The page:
The public cares so much about health-care delivery because it’s their pain and suffering. Patients’ lives and pocketbooks are on the line. Medical bills are the leading cause of bankruptcy. Politicians care because they want to hold the line on taxes, while health care and associated entitlement programs are budget busters. The ardor with which physicians argue has to do with professionalism, income, and independence. American health care: what is the good, the bad; and where is it headed?
Medical tourism delineates the practice of the ill to travel abroad for care and treatment. They usually do it to save money. An estimated 750,000 Americans spend $15 billion per year on medical care in other countries. Patients Without Borders estimates Americans save on treatments abroad by specialists and for procedures on average: Brazil: 20–30 percent, Costa Rica: 45–65 percent, India: 65–90 percent, Malaysia: 65–80 percent, Mexico: 40–65 percent, Singapore: 25–40 percent, South Korea: 30–45 percent, Taiwan: 40–55 percent, Thailand: 50–75 percent, and Turkey: 50–-65 percent.
Latest reports from the Israel Ministry of Health indicate medical tourism is growing annually in Israel. Dental care, devices, and implants are among the most popular services performed on foreign visitors. Revenues were about $140 million in 2012 for all medical tourism, according to data collected by the Health Ministry and the nongovernmental organization Hatzlacha. The Medical Tourism Index (MTI) ranks Israel highest for care, services, and best patient experiences and third overall in a survey of twenty-five of the most popular destinations for medical tourism. Fifty thousand medical tourists arrive in Israel annually for care, including treatments for skin ailments at Dead Sea hotels.
The rich are drawn to American hospitals and physicians for the cutting-edge technology and physician expertise in treating complicated life-threatening cases. Israel’s government and health plans send children and select adults to America in such cases at government expense.
Gus Lubin, writing for Business Insider, says despite all the complaining about American health care, it is the best in the world. The Commonwealth Fund reports female Americans are likely to receive Pap smears and mammograms, and America has the leading record on pre-emptive cancer screening. Americans pay for expensive cancer treatments but have the highest cancer survival rate. Americans get best treatments for chronic diseases, routinely receiving statins for high cholesterol. Psychological disorders are taken very seriously in America, being treated with antipsychotic drugs.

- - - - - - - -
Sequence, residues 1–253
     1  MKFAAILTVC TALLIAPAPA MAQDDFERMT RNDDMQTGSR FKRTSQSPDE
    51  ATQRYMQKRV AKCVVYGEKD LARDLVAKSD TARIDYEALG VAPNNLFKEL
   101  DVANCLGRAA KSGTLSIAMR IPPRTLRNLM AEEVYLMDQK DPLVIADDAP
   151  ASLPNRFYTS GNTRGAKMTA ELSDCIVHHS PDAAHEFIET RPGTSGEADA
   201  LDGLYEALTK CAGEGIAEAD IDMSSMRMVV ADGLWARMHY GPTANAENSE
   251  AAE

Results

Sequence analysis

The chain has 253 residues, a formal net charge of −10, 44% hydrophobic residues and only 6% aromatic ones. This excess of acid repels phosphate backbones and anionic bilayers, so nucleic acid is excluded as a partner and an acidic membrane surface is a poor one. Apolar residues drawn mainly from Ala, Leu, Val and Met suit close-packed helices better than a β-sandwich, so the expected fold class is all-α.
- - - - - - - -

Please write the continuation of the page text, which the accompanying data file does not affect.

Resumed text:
The United States has the most advanced equipment per capita with MRI units per million population (25.9) and CT scanners per million (34.3). In Israel, it is not uncommon to wait weeks for an appointment for an MRI or CT scan. American physicians are the best paid. They order the most clinical tests sometimes to forefend malpractice suits, but the data collected lead to advanced research information and innovations.
Patients can buy the best medical care in the world even when they do not pay for it. If patients believe they did not receive the best care regardless of their income or who is paying the bill, they can sue for malpractice without punitive reprisals. Health-care reform is slow, but there is movement.
The bad news about the American health-care system is the nonprovable benefits and harm done by unnecessary prescribed medical procedures. Americans spend the most money on health care, but they are not healthier or living longer than people in other nations. Americans don’t get what they pay for. Chronic disease rates are high because of failing prevention programs. Surveys show Americans suffer from poor coordination of care. Test results are lost and reordered.
There is poor communication between specialists and primary-care physicians, and patients are frequent victims of medical errors. Health-care coverage is growing, but many Americans pay the health tax rather than buy insurance. Great doctors get paid what poor doctors make; there are no incentives for better outcomes. Physicians are spending less time with patients because of financial pressures. Access to doctors and hospitals is disabled and inaccessible for many.
In many ways, the Affordable Health Care Act doesn’t provide better care for more people, but it is more like rearranging the deck chairs on the Titanic. Technology in the digital age is advancing treatment modalities, and biomedical research is leading to better drug therapies.